Act 1, called the Set-up, The situation and characters and conflict are introduced. This classically is 30 minutes long. For a short film, it can be only a few minutes or 1 minute. Your first act should only be a paragraph or two (and no longer than 1 page of text).

Act 2, called The Conflict, often an hour long, is where the conflict begins and expands until it reaches a crisis. This will be your second page, for example. Or your 3-5 paragraphs.

Act 3, called The Resolution, the conflict rises to one more crisis (the last one called the climax) and then is resolved. This will be your last page or your last paragraph.

How To Write The Treatment
Find A Title
The first contact a prospective producer has with a script is the title. Pick a title that gives a clear idea of what genre the screenplay is written in. Blood House is probably not a romantic comedy. Americans like one or two word titles: Psycho, Saw, Year One, Rocky, Pan's Labyrinth, Animal House, Tangled, Avatar, etc.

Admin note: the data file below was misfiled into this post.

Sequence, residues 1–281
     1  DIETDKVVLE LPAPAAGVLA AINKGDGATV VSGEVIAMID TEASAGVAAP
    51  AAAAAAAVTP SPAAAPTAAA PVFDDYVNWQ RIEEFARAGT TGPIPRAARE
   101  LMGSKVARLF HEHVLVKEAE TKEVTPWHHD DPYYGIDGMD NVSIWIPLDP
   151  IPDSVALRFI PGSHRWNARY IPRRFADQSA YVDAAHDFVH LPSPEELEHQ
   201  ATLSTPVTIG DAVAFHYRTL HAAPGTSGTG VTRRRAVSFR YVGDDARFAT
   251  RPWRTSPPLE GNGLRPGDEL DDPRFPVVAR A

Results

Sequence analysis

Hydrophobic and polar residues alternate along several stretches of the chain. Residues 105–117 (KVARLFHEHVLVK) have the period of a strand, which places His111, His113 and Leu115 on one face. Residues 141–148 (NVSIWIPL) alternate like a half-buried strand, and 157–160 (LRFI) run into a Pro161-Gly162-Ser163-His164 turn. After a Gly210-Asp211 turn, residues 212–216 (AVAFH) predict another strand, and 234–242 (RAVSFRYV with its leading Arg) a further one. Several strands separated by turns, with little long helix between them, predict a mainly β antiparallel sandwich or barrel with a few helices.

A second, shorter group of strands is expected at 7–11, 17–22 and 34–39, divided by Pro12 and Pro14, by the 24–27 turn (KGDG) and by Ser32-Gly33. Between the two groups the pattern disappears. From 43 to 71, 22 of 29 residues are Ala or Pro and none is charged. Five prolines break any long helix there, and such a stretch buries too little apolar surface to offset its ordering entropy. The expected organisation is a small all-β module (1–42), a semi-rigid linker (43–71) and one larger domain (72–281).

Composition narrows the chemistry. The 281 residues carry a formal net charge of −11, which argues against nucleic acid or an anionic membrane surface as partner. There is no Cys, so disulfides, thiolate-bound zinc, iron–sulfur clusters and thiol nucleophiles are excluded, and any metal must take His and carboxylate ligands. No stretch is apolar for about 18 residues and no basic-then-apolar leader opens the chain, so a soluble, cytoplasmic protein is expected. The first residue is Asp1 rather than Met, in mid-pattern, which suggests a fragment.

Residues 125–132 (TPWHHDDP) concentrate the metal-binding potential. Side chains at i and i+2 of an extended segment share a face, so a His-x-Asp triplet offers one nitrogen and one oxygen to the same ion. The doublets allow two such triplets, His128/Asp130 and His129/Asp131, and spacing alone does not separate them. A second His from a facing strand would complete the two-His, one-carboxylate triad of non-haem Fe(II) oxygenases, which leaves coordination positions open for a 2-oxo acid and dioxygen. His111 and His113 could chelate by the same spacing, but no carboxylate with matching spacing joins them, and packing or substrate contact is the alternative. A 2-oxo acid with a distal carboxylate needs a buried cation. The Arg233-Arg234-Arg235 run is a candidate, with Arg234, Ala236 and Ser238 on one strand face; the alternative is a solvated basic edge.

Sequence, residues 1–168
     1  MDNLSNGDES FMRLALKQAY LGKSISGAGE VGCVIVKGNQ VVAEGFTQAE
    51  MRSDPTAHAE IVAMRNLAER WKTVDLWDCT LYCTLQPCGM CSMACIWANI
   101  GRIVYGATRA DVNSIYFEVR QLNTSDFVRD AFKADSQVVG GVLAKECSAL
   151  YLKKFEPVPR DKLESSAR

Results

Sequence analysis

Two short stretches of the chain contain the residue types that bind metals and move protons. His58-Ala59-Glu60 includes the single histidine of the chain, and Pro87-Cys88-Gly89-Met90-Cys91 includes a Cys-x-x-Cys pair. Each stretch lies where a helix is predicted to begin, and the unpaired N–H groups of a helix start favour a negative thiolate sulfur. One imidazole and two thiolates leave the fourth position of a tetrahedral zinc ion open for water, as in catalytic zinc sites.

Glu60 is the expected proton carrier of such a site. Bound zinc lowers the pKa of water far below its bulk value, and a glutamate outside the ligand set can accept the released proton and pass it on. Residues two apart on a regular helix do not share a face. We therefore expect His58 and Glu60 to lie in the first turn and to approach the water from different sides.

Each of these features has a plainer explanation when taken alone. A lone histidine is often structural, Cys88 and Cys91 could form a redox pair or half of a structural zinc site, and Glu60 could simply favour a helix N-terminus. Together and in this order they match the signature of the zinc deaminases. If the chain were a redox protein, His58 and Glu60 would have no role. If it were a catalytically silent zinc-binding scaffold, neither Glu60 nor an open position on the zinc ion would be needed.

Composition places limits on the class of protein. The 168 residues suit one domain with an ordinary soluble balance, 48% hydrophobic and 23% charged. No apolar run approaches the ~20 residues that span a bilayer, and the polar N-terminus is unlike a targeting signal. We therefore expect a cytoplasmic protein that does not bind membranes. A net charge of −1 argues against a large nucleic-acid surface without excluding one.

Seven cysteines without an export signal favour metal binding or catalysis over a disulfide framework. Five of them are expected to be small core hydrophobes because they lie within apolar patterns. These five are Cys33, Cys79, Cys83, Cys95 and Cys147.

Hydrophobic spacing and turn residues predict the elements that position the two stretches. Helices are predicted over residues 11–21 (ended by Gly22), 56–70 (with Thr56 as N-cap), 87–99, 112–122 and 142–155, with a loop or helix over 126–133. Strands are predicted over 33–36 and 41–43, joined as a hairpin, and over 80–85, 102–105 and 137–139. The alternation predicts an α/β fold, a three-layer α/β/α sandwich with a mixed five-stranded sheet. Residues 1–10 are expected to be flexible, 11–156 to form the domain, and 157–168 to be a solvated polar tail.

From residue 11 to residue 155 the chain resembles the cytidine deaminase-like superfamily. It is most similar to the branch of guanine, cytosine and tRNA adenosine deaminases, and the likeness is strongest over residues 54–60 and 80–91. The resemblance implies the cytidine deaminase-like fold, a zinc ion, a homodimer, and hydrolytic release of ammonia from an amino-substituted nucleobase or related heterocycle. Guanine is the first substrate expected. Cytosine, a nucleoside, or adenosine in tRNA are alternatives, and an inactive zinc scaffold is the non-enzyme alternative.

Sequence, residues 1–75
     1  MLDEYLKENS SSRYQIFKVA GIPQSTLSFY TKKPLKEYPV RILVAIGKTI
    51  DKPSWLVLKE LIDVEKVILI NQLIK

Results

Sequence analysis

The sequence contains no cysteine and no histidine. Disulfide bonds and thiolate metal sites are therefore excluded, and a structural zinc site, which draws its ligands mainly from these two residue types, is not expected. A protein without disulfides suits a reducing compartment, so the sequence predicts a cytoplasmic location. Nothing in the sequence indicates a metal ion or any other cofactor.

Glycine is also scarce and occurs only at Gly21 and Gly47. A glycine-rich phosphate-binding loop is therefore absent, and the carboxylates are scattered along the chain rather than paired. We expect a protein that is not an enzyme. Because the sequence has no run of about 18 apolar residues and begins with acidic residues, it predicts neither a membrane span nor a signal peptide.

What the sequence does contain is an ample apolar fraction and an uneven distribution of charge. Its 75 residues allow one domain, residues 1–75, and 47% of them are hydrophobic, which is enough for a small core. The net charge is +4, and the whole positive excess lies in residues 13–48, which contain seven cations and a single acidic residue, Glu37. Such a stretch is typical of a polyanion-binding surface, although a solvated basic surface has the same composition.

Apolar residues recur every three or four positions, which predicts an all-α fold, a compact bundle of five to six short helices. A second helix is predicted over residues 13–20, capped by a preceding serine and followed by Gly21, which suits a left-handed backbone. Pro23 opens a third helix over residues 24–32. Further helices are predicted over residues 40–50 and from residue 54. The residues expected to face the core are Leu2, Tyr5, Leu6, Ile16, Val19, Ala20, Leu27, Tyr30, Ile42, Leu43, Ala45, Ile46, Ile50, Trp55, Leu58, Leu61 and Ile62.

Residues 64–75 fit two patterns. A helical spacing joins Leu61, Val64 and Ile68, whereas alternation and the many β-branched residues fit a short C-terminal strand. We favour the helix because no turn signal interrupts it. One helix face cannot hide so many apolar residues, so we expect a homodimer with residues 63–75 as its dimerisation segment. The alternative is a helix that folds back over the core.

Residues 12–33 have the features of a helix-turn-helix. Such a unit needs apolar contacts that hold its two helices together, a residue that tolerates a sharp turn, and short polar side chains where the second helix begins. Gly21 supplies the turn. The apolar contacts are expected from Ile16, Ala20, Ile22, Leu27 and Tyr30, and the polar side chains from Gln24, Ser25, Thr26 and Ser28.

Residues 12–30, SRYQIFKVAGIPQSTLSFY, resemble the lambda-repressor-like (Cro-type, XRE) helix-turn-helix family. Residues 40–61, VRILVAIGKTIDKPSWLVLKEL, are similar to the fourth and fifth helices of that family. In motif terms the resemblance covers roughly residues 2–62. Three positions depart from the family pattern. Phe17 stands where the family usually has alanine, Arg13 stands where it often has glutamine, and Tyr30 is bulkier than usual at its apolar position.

After a title, start a logline: a brief one-sentence summary of the movie. For example: And Then Came Love is a character-driven romantic comedy about a high-powered Manhattan single mom who opens Pandora's box when she seeks out the anonymous sperm donor father of her young son.

Your treatment should include a synopsis. Here are some samples to help you get the idea...
Treatment sample #1
Treatment sample #2

Wednesday, May 15, 2019

Citizen Kane: Day 2 (Conclusion); Film Noir

We will complete our viewing of Citizen Kane today in class. After viewing, we will press on to Film Noir.

Film Noir:

The Elements of Film Noir (documentary)

Here are a few things to watch for as we screen The Maltese Falcon:

1. A protagonist that is cynical or detached